The inspiring profile of Minnesota’s first Black policewoman who earned a bachelor’s degree at 79

Stephen Nartey January 02, 2023
Ethel Ray Nance/Photo via Mnopedia

She had a passion for note taking and this inspired civil rights activist Ethel Ray Nance to train in stenography while in high school. She got a job at the Minnesota Forest Fires Relief Commission as a stenographer in 1919.

She sparked headlines in the national dailies when in 1923 she was employed as a stenographer at the Minnesota State Legislature. She was the first African American to occupy such a role in the legislature. Nance later found a job at the New York Urban League magazine, Opportunity. This was after her meeting with the director of research and editor of Opportunity, Charles S. Johnson, in 1924.

She was employed as Johnson’s secretary, writer and researcher for Opportunity. This pushed her to relocate to New York. During the Harlem Renaissance, she offered her residence in New York for young writers and artists to explore their artistic impressions. Nance however had to quit the job in 1928 to return to Minnesota to tend to her sick mother.

It was during this period that she was employed as the first African-American policewoman in Minnesota after the Minneapolis Police Department established its first women’s bureau. She worked at the unit until 1931 when she was compelled to retire because of acute arthritis.

She is celebrated for breaking the prevailing racial and gender barriers in Minnesota. She was born on April 13, 1899, in Duluth to William H. Ray, an African-American native of North Carolina, and Inga Nordquist Ray, a Swedish immigrant.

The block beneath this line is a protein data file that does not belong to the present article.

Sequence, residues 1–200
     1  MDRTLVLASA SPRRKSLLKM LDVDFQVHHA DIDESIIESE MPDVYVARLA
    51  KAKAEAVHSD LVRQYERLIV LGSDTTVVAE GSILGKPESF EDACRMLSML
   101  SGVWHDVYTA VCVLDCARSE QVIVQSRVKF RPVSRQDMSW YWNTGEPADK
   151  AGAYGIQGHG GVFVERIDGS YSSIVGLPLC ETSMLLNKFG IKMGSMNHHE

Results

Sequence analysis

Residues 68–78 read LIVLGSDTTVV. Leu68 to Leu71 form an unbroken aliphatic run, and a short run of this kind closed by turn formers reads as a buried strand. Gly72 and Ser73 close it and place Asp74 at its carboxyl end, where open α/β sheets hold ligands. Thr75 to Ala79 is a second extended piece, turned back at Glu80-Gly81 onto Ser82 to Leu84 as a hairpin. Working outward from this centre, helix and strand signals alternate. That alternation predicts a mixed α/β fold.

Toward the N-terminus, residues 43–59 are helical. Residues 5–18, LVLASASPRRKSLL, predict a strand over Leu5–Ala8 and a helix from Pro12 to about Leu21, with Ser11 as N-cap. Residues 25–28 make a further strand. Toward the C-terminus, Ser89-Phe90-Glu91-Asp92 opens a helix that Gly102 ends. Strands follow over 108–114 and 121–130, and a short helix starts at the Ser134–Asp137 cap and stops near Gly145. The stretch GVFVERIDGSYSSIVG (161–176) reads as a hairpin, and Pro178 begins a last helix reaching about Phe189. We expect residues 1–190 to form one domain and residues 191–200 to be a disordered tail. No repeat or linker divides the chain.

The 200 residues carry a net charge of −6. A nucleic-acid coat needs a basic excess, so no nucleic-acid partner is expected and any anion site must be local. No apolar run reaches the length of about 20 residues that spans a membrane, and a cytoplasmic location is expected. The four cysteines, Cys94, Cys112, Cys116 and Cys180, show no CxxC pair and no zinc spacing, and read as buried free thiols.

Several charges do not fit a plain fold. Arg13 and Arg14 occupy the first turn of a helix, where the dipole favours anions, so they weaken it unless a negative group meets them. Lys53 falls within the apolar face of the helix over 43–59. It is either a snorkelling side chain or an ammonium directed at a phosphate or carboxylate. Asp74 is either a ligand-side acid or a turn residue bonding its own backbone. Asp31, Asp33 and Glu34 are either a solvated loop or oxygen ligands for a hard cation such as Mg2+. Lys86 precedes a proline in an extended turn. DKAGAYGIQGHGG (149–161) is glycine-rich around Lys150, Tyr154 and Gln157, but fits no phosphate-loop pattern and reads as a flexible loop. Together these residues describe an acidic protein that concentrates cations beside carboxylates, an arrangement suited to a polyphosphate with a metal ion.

Nance was the youngest among four children. Her family battled racism following interactions with neighbors and community folks. Historians say her father had a huge influence on her philosophy during her formative years, as he read to her about African-American struggles and the need for them to fight racism.

Her father established the NAACP branch in the city of Duluth when he witnessed the barbaric lynching of three Black men who had been accused of raping a white woman in 1920. Nance’s father was appalled when he learned of the men being hanged four blocks from their home in Duluth.

Civil rights activist W.E.B. Du Bois at some point gave a lecture at one of Duluth’s NAACP meetings. Nance had the opportunity to meet Du Bois and by 1945, she became a secretary for him when she moved to San Francisco with her family. Du Bois had a contract as a consultant to the American delegation at the founding of the United Nations.

Nance worked with the NAACP’s West Coast Regional Office in San Francisco and helped set up the San Francisco African American Historical and Cultural Society, working there for 10 years. She became the oldest person to acquire her bachelor’s degree from the University of San Francisco at the age of 79. Nance passed away on July 11, 1992, in San Francisco at the age of 93.

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